Critics have faulted Grindr and similar "hookup apps" for commodifying social relations; instead of treating potential partners as "human beings," Grindr users are thought to treat each other as objects to be consumed and disposed of at whim. In other words, what ought to be a community or collective of users is instead a market. In this paper, I draw from the so-called "antisocial thesis" in queer theory to critique this valuing of communal and collective relations. I propose that the market-like relations established through apps like Grindr may in fact be politically desirable insofar as they thwart the desire to know, speak for, and act in the interest of others – a tendency that may appear altruistic but has annihilative ends. I also consider the implications of these market-like relations on the establishment and maintenance of identity.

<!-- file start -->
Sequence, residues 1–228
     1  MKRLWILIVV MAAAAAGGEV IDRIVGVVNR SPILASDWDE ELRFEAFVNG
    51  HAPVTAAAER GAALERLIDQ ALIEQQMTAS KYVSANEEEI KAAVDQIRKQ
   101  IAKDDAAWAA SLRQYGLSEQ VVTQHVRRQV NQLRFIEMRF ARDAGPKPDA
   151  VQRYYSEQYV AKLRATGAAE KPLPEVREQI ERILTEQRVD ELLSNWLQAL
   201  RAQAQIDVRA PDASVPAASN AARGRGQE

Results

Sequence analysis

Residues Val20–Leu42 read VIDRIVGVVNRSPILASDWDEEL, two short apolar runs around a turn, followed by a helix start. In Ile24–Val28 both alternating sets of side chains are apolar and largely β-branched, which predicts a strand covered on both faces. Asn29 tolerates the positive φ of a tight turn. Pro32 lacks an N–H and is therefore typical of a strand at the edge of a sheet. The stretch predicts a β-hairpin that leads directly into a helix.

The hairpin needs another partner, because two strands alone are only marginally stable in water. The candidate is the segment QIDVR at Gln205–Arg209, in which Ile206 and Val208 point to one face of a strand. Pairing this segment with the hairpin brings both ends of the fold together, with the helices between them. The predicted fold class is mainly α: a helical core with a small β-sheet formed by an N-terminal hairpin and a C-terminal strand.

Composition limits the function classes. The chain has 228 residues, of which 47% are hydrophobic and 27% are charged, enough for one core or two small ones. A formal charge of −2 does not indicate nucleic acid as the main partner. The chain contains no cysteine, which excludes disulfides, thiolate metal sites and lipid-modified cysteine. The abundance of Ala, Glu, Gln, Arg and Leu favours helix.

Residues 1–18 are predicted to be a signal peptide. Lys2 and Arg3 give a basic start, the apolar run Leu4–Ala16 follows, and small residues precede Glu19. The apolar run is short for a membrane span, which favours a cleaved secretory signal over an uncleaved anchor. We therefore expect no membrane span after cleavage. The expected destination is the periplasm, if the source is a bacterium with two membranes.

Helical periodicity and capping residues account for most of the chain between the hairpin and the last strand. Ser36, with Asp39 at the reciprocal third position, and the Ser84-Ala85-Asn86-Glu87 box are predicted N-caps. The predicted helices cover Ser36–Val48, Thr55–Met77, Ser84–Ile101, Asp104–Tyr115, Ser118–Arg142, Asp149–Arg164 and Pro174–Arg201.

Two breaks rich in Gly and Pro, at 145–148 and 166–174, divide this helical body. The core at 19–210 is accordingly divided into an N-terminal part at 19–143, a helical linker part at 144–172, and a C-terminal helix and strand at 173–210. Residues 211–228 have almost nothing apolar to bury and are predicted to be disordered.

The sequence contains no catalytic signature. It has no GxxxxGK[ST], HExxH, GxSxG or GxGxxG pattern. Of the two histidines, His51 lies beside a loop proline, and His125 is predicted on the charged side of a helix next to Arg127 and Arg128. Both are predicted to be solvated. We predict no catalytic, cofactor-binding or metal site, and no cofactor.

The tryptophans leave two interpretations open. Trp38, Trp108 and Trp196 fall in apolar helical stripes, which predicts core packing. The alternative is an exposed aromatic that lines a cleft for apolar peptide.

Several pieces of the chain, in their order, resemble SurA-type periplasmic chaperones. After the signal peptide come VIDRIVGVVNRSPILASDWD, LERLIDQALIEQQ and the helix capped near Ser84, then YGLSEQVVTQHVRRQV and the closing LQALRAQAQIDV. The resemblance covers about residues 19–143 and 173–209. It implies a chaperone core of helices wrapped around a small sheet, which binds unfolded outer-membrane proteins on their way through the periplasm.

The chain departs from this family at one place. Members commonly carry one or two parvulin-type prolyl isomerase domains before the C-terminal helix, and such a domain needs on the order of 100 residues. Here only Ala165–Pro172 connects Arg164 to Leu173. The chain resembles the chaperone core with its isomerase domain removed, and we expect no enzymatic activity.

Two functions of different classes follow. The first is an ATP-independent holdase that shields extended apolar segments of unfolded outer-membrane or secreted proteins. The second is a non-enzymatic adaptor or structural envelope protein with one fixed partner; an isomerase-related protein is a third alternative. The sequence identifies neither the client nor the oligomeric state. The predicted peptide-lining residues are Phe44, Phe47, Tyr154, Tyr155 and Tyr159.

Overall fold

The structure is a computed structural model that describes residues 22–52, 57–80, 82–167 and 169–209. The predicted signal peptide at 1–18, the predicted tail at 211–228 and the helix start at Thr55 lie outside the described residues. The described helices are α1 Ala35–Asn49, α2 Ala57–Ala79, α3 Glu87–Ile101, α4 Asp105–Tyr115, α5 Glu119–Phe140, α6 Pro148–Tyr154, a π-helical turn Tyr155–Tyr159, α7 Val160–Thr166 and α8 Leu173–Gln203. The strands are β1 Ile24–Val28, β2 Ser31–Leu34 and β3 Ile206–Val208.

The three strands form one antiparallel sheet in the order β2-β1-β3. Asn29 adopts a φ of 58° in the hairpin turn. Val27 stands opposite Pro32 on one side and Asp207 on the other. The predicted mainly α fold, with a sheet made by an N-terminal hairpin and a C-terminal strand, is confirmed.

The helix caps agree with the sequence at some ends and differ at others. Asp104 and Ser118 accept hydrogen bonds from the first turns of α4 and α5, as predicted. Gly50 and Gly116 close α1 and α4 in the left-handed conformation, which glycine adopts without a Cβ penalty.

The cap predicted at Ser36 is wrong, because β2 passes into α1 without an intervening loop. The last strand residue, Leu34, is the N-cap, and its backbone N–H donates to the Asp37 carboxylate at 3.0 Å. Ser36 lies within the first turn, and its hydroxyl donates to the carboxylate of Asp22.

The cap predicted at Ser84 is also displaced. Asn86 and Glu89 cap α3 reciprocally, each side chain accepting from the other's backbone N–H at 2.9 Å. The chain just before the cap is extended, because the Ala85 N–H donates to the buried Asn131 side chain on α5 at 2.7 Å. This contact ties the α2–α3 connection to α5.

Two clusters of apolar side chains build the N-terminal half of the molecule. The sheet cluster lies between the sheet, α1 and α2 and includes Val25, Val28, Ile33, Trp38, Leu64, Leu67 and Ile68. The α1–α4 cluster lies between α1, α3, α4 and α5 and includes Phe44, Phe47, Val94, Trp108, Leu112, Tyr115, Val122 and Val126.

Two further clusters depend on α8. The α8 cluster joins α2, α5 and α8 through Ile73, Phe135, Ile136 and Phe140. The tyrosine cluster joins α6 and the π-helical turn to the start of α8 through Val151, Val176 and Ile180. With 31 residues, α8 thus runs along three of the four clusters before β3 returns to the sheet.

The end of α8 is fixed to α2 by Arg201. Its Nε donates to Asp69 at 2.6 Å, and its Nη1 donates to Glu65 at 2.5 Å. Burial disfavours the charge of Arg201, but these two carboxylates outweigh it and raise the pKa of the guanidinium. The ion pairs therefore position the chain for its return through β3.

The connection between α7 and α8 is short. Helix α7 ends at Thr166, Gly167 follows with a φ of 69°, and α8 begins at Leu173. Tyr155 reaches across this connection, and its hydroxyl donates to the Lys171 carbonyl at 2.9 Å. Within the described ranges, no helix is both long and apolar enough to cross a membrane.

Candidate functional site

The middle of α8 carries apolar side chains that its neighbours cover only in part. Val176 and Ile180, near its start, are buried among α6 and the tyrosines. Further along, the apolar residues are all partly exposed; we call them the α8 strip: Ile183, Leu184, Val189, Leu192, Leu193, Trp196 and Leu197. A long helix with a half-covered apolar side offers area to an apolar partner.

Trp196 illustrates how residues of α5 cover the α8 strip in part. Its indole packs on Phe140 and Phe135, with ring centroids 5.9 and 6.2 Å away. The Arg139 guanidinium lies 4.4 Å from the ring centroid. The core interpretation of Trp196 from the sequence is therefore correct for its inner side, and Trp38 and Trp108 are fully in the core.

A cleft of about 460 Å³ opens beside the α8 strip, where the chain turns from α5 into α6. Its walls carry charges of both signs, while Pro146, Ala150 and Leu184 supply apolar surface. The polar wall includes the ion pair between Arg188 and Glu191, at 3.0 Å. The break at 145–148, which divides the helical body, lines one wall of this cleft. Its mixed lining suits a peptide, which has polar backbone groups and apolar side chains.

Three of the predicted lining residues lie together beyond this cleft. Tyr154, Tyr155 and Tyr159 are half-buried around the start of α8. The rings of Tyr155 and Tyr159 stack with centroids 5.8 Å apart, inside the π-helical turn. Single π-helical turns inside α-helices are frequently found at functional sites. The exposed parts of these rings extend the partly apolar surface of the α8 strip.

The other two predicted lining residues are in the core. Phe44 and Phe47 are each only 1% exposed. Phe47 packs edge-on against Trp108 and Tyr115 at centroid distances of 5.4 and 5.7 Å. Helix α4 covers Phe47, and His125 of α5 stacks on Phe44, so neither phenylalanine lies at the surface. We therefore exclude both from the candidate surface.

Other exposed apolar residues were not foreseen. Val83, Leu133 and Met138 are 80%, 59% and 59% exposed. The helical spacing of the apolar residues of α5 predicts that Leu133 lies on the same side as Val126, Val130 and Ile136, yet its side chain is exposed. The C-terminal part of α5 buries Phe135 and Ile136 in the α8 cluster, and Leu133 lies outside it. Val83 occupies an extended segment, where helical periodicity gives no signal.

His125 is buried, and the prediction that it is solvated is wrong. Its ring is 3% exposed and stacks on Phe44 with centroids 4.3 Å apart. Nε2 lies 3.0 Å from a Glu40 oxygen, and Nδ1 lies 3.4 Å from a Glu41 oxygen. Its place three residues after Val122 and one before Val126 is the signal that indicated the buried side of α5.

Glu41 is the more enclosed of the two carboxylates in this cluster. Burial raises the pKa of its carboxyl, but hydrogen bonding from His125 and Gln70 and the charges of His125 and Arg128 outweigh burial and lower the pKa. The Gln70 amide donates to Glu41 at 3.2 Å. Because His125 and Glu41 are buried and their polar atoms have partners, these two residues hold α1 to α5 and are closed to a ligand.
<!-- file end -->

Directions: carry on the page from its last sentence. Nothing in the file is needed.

Hookup Apps, Social Relations, Communities, Markets, Identity, Mediation, Queer Theory
Technologies in Knowledge Sharing
Paper Presentation in a Themed Session
Associate Professor, Sociology, Wesleyan University, United States